• Writing that works for short stories is different from the kind of writing that works for novels. So if you simply produce a very short version of novels that you’re familiar with, it probably won’t work. You have to research which kinds of short works sell and come to understand how they are effective. (Now the devil’s advocate will say that all writers should try writing short stories—despite the fact that they might be much harder to sell, in general—because learning how to write a short piece well can be highly instructive for writers. Write a short story for what you can gain from it in the long run.)
  • Although readers could take a chance on a short story since little commitment and investment is involved, it’s also true that readers may be pickier when choosing which short stories to read. There certainly are enough short stories out there to choose from. One story doesn’t satisfy a reader for long. What’s the reward for liking the short story? Will there be another 200,000 words worth of writing to enjoy by the same author? You see, when you find a novel that you like, if the author has a few other novels, the reward is a lot more where that came from. If you just have a dozen short stories out, a reader could blitz through the whole collection in a day; you aren’t offering a huge supply of reading material as a potential reward if the reader likes your style.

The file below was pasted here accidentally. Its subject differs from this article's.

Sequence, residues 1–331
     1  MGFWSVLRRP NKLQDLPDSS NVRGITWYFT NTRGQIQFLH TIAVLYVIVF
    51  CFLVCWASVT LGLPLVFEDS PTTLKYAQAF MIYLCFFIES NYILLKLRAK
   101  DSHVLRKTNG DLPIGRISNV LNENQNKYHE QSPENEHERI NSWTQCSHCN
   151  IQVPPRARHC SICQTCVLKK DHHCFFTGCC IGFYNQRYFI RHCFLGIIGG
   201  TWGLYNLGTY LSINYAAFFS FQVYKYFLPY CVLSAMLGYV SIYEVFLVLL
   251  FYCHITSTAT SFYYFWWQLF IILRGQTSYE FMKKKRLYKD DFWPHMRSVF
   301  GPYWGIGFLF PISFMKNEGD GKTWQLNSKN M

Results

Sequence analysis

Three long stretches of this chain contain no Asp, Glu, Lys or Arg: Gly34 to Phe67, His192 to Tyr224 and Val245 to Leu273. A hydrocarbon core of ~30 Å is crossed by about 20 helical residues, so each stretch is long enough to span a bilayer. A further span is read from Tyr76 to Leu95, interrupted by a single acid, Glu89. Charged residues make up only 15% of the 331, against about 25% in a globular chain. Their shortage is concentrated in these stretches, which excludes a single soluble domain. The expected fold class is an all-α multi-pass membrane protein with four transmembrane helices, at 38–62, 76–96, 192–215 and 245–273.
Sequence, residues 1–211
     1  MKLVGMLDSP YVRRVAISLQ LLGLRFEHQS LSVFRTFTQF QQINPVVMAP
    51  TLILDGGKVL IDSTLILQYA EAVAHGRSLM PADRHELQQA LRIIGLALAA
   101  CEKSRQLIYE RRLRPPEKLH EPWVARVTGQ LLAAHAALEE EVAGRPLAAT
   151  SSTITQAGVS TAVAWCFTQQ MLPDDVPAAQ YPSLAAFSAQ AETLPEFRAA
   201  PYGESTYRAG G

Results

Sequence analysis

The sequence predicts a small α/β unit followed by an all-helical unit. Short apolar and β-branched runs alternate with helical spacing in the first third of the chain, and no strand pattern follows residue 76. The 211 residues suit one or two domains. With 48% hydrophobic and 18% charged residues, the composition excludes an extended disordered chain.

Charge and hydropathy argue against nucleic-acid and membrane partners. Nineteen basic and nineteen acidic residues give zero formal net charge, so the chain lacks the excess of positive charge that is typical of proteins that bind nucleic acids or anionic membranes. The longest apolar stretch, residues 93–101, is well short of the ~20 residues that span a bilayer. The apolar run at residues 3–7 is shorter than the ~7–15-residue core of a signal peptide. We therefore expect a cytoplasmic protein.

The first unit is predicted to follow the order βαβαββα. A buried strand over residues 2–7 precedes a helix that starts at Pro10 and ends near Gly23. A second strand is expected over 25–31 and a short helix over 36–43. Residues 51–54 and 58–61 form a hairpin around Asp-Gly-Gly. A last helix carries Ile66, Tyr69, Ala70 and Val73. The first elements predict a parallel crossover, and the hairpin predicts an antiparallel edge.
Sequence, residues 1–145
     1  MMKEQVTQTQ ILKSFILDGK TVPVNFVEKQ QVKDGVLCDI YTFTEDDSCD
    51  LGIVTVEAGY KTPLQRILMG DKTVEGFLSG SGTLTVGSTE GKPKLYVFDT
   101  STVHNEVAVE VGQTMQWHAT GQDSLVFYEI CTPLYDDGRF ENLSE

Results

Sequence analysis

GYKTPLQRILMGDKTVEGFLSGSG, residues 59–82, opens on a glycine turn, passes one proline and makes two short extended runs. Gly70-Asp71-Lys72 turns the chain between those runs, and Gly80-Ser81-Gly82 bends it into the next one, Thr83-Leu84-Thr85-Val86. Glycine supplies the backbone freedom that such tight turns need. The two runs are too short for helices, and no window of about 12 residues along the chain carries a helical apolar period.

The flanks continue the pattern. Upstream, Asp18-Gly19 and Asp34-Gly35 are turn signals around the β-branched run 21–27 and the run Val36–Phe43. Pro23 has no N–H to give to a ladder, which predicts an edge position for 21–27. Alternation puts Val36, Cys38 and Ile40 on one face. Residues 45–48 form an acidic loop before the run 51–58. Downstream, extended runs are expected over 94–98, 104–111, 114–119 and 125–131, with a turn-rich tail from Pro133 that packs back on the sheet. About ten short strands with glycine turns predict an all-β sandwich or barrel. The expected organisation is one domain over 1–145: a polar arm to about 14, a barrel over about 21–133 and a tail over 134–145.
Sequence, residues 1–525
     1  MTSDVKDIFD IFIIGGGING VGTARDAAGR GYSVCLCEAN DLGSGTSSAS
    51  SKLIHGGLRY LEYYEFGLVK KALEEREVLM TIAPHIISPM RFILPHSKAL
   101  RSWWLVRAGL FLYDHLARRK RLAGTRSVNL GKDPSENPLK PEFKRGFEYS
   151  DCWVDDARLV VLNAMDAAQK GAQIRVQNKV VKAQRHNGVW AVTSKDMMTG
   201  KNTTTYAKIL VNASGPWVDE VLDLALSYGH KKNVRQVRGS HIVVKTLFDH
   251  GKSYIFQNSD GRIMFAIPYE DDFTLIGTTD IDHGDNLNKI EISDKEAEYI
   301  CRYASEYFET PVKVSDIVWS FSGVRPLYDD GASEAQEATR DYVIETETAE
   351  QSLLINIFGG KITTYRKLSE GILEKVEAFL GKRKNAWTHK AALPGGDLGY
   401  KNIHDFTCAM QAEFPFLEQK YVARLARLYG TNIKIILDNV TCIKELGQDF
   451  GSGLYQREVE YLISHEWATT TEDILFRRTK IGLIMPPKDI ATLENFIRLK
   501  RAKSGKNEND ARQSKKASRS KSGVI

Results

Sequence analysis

• There is much competition from free and low-priced stories. Why should people read your short stories when they can get the entire Sherlock Holmes collection for 99 cents or free? There are many classic short story collections out there at great prices. This comes back to my last point: If you like Sherlock Holmes, or any other classic short work, there is a ton of similar material to satiate your craving for it. If you like a short story by a modern author, often there are just a few more short stories—not enough to satisfy a reader for long.
  • Visibility is a huge issue. Suppose, for example, you want to write a short romance story, hoping to take advantage of the huge romance market. Do you think Amazon wants your short story to show up among hundreds of popular novels when customers search for romance? That could create confusion. So instead your short story should be listed among Short Reads or short story collections. 99% of romance readers will instead be browsing the romance category, looking for novels. There is a marketing challenge here: You’re not just selling a book to romance customers, you’re selling a short story specifically to the very few romance readers who want to read a short story. There is a market for that, just not nearly as wide as the romance novel market.
  • Another marketing challenge is the Look Inside. The shorter your ‘book’ (if you can call it that in this case), the shorter the Look Inside. The Look Inside is a valuable sales tool. A short story has a very short Look Inside. There may easily not be enough there to catch the reader’s interest. You could just give the title, author name, and start the story, moving the copyright notice to the end, but you still need the Look Inside (10%) to be long enough to sell the book.
  • Effective marketing is more costly and time-consuming for a series of short works. It’s fairly affordable to hire out quality cover design and editing for a full-length novel, but can be quite expensive to buy several covers for short pieces or have several short works edited.